Africa’s Undisputed Goal King (Part Seven) – The Record Holder

Godfrey Chitalu
Africa’s Undisputed Goal King (Part Six) – The Wilderness and Return
June 8, 2020
A Young Chitalu
Africa’s Undisputed Goal King (Part Eight) – Astonishing
June 14, 2020
Chitalu and his family

By Satish Sekar © Satish Sekar (May 5th 2020)

The African Icon

Zambian great, Godfrey Chitalu, set records for fun. He broke Pelé’s single season and calendar year goal scoring records in 1968. Over the previous 41 years, it had been difficult to break. Everton and England great, Dixie Dean set the total of 63 in 1927. It lasted just under two decades – interrupted by World War II.

Szentlőrinci Atlétikai Club Barátság and Hungary’s Ferenc Deák netted 66 in 1946 his highest in a remarkable war interrupted career that ended with Deák having scored well over 500 top-flight goals.

Twelve years later Pelé, fresh from making World Cup history, beat Deák’s record. Pelé’s total, 75, lasted a decade. It was broken by Chitalu by just 6 goals.

But Chitalu’s record of 81 fell just four years later. It was the only time two players beat the old record.

Gerd Müller was fêted for his achievement, scoring 85 in 1972, and was credited with holding it for 40 years until Lionel Messi scored 91. But Müller never actually held the record, and Messi’s ‘record’ was actually a distant second to the actual record holder.

Chitalu destroyed his own record, scoring 26 more than his 1968 tally, but in the 1972 season. Unlike in Europe, Zambia’s season started and finished within the calendar year. For the first time the season and calendar year records were held by the same player, but with different totals, or rather they should have been

Truths and Statistics

The statistics contained a gross unfairness. The anomaly about the Zambian season resulted in a strange unfairness. Chitalu’s season record was put up against the calendar years of both Müller and Messi. He only had 309 days compared to 366, but he still won convincingly.

Chitalu’s tally should be higher. His calendar year tally is 116 and includes an African Champions Clubs record.

There really should be no argument – both the season and calendar year records never belonged to Müller or Messi. They belong to Chitalu, and that in no way diminishes the greatness of Müller or Messi. They were and remain among the all-time greats of the beautiful game.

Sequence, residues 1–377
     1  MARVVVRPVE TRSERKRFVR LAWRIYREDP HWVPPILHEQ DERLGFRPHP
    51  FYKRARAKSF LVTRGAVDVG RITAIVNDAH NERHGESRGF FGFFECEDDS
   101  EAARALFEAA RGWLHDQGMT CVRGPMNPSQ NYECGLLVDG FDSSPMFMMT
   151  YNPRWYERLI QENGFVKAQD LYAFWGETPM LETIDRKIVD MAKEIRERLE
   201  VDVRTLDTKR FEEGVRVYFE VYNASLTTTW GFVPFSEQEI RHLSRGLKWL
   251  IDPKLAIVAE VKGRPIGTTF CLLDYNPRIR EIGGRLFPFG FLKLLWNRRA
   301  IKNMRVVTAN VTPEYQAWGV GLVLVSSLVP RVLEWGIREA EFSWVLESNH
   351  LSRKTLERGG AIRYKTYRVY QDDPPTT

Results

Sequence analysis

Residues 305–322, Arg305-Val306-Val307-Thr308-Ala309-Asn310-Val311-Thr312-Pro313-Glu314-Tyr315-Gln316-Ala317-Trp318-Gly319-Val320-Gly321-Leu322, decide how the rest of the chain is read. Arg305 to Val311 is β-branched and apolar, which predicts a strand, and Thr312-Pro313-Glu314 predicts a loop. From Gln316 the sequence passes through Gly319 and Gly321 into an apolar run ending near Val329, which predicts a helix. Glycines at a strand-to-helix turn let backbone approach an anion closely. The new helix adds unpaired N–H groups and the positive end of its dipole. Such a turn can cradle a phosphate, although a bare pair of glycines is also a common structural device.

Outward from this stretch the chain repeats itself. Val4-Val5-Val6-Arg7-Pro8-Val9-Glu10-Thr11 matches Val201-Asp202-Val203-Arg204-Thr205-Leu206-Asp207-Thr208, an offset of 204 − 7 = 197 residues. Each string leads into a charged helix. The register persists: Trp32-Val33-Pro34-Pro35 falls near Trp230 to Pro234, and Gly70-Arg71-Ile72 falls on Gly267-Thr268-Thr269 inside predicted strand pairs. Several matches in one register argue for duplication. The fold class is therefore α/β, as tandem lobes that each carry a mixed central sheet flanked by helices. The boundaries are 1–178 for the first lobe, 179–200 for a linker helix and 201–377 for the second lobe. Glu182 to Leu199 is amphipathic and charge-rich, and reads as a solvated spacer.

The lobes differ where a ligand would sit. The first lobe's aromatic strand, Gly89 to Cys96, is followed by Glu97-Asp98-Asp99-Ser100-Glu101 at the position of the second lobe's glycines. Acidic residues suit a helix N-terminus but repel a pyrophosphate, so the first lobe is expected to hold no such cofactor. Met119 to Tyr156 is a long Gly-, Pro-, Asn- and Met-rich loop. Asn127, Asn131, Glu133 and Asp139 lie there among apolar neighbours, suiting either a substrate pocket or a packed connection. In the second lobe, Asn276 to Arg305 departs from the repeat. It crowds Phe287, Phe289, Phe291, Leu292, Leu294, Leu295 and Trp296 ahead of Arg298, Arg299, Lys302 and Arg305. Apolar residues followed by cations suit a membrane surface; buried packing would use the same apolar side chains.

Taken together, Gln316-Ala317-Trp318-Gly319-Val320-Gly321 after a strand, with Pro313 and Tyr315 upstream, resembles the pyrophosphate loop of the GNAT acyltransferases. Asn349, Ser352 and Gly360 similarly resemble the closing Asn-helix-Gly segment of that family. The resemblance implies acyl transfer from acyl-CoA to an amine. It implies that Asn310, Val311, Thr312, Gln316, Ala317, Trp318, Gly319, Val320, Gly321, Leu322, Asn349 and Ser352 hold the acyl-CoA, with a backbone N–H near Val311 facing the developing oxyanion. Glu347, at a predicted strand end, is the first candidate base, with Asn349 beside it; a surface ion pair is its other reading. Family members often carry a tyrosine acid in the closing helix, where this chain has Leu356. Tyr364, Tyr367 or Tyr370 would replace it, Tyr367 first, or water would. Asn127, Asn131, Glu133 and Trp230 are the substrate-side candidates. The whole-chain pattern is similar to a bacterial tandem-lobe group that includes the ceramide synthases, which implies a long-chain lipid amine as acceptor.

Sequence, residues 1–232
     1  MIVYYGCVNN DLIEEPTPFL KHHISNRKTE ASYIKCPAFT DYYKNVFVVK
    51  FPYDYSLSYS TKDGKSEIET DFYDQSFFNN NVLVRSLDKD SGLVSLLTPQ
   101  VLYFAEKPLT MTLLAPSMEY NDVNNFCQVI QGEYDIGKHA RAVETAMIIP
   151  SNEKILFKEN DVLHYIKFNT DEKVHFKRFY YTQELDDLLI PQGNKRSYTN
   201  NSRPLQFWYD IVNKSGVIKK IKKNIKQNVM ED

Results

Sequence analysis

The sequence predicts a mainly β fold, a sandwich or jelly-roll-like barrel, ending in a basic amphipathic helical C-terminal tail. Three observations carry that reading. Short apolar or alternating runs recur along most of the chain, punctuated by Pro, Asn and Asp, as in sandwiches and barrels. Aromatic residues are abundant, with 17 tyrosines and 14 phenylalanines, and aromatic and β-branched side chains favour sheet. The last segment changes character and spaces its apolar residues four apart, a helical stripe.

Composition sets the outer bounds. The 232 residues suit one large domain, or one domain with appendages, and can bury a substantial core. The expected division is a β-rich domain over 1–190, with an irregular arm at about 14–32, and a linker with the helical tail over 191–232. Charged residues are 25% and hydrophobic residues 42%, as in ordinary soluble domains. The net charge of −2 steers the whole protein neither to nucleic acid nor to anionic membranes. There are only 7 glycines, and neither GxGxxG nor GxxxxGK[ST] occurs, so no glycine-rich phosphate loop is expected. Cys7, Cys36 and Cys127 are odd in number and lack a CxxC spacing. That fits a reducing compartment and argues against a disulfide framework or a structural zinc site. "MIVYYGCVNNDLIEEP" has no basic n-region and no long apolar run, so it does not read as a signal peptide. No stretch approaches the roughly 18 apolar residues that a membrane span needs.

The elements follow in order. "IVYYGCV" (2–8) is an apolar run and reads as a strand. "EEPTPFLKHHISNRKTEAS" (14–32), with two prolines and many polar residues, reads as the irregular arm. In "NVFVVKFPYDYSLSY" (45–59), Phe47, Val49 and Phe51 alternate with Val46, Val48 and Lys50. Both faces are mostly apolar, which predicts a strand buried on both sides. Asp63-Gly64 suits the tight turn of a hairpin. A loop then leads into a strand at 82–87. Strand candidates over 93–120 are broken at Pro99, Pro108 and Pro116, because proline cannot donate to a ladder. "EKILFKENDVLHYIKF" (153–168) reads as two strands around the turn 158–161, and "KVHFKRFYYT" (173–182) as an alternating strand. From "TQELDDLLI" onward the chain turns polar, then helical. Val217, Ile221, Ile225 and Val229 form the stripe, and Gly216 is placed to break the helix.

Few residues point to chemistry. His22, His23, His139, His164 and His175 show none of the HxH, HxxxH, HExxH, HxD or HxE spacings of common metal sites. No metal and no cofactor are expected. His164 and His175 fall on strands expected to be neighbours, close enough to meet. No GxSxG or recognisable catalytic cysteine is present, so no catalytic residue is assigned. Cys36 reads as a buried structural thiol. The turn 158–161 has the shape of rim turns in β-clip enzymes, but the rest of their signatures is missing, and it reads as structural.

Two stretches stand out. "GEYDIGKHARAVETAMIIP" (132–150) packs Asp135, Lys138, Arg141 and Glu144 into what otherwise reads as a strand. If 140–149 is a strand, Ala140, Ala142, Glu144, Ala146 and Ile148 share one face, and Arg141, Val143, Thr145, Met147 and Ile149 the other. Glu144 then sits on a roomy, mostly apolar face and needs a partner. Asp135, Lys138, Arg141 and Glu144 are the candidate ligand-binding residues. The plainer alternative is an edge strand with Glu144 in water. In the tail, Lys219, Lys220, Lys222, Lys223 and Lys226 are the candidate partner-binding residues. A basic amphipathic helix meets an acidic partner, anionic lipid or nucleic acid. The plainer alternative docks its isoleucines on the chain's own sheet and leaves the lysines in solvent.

International Championship Fixtures

It was a different story on the international stage. West Germany, and Müller in particular would rewrite the record books. Chitalu would just keep his tally ticking over, although his international goals were scored during the Zambian Super League season.

Zambia had failed to qualify for the 1972 Africa Cup of Nations. Zaire had eliminated them in the second round of qualification the previous year, after Zambia had easily eliminated Tanzania, so Chitalu’s year comprised the Zambian Super League, and the missing African Cup of Champions Clubs goals, and two World Cup qualifiers, which the KK11 won 6-1 on aggregate. Chitalu bagged a brace in Ndola after a 0-0 draw in Maseru. If Zambia had qualified, Chitalu would have missed the start of the Zambian season, or it would have been delayed. Müller’s European Championship heroics occurred between the 1971-72 and 1972-73 Bundesliga seasons.

The brace against Lesotho were the only international goals that Chitalu scored in his phenomenal year, but they were the only international matches he played as well.

Meanwhile, no sooner had Bayern München (Munich) won the Bundesliga title in 1972 than their star striker joined the Mannschaft (national team) for the European Championship of 1972 – still only a four-team championship. Müller was in imperious form. Before the finals he had dominated the qualification process too with seven out of West Germany’s 13 to reach the final four.

His season tally of 40 for the 1971-72 Bundesliga season was the highest of his career, and he scored four in just two matches to help West Germany win their first European Championship with braces in the 2-1 semi-final victory against Belgium and 3-0 win in the final against the now defunct Union of Soviet Socialist Republics (USSR).


Müller had had a fantastic and very, successful 1972. By the end of the decade he had cemented his reputation as one of the greatest players Germany had ever produced. He was a world great – nobody argues with that, but Chitalu’s statistics bear comparison.

But while their individual statistics are fantastic, there can be no comparison between Kabwe Warriors and Bayern München (Munich) and Zambia and West Germany. The Europeans win such comparisons hands down each and every time.

But as far as comparisons can be made between Chitalu and Müller, the Zambian great has earned the right to feature in such conversations on merit. In fact, excluding Chitalu does Müller no favours.

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